March 28, 2008 - PACS (picture archiving and communication systems) is on the verge of taking the next giant leap forward by becoming Digital Healthcare Information Management Systems.
This was one of the many new concepts brought to light at the DHIMS 2008 conference (formerly the PACS conference), held March 25-29 in San Antonio, TX.
While some radiologists might see DHIMS and PACS as identical except in acronym, according to Steven C. Horii, M.D., FACR, FSIIM, of the University of Pennsylvania Medical Center, Department of Radiology, DHIMS differentiates itself by embracing the integration of RIS-PACS, a step that is essential to putting in motion the automation needed for achieving productivity gains, said Herman Oosterwijk, president of OTech. "Hence, the emphasis on the IHE effort," underscored Dr. Horii.
Lecturers at DHIMS stressed the need for integration amongst PACS and other healthcare information systems, and called for vendors to meet the Integrating the Healthcare Enterprise (IHE) protocols. "As described by the IHE profiles, integration is the key to accomplishing both automation and adaptation," said Dr. Horii. "The step beyond integration is interoperation; integrated RIS-PACS are designed this way."
The ultimate objective of interoperability is achieving greater automation. Dr. Horii's case in point was how patient admission information from a HIS is sent to the RIS and from there to the PACS. Lack of integration today can be illustrated with the RIS. "The RIS knows that a study has been requested, why not pull the associated lab data so the radiologist and technologist will see those results prior to starting the study," suggested Dr. Horii. "My report contains the phrase 'gallbladder wall thickening' in the summary. Why not data mine the report and search the patient lab data for white count, albumin and bilirubin levels?" asked he asked. "Why should my report ever contain the phrase, 'correlation with laboratory data is advised'?"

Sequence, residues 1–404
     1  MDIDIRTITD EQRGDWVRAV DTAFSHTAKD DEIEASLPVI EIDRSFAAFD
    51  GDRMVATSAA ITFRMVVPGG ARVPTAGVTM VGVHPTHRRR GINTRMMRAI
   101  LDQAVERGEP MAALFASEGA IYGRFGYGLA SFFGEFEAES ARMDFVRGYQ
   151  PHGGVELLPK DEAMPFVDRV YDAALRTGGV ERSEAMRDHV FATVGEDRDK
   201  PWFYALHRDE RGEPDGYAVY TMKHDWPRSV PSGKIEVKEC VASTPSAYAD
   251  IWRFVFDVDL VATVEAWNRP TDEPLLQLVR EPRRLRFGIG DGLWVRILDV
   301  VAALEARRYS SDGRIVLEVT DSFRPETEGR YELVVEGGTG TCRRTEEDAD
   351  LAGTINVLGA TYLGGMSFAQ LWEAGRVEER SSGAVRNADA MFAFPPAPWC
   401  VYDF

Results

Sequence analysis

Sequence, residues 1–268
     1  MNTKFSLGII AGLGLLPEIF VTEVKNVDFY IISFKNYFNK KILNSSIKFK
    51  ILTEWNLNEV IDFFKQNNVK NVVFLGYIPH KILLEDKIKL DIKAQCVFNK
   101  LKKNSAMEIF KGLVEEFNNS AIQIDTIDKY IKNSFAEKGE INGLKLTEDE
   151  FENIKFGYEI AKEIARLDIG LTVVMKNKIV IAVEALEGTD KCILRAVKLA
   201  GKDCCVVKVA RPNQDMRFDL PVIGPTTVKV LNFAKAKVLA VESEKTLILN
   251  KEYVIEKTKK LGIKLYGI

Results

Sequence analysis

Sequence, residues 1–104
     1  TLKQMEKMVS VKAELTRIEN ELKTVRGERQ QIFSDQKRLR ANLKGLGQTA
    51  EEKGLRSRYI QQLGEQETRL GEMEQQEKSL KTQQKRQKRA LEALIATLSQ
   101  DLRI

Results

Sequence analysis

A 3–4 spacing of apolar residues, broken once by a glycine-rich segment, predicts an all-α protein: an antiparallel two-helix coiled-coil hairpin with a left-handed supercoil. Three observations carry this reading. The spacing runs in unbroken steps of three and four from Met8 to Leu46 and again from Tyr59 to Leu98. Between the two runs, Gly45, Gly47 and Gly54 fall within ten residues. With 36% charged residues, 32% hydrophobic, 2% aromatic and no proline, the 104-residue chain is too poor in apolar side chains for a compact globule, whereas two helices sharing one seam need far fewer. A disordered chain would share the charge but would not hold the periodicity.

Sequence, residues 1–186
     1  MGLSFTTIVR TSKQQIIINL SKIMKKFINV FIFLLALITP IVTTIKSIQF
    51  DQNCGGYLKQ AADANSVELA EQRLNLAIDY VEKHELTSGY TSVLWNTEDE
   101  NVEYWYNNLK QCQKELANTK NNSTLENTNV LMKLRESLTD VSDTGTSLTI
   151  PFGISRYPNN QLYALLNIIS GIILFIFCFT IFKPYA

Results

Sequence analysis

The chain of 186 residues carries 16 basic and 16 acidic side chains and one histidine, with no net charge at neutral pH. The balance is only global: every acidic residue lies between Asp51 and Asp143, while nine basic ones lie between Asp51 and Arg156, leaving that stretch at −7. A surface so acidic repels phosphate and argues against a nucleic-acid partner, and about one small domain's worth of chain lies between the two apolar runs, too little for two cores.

High levels of smart information transfer, pointing relevant data in the right direction, cannot be a reality unless systems are interoperable. Once they are, it is routine to have automatic set up of advanced visualization and decision support tools, teaching file and case review, patient laboratory and other pertinent information and critical results reporting. "Visualization tools must be seamlessly integrated into routine PACS workstations and workflows, just like window/level, zoom/pan...as well as into overall departmental workflow," said Paul J. Chang, M.D., FSIIM, professor and vice-chairman, Radiology Informatics Medical Director, Pathology Informatics, University of Chicago School of Medicine. "Integrated functionality is a must for both radiology workstations and enterprise web clients," he added. "Integration with computerized order entry (CPOE) and protocol tools will greatly reduce setup requirement."
One way to 'encourage' vendors to comply is to start requesting the IHE profiles in the purchase documents, suggested Dr. Horii. "That was how DICOM became widely implemented," he noted. The take home from Dr. Horii and many of the academicians presenting at DHIMS 2008 was, as Dr. Horii put it, "integration is key for automation and adaptation to work. Automation and adaptation are central to improvement of workflow."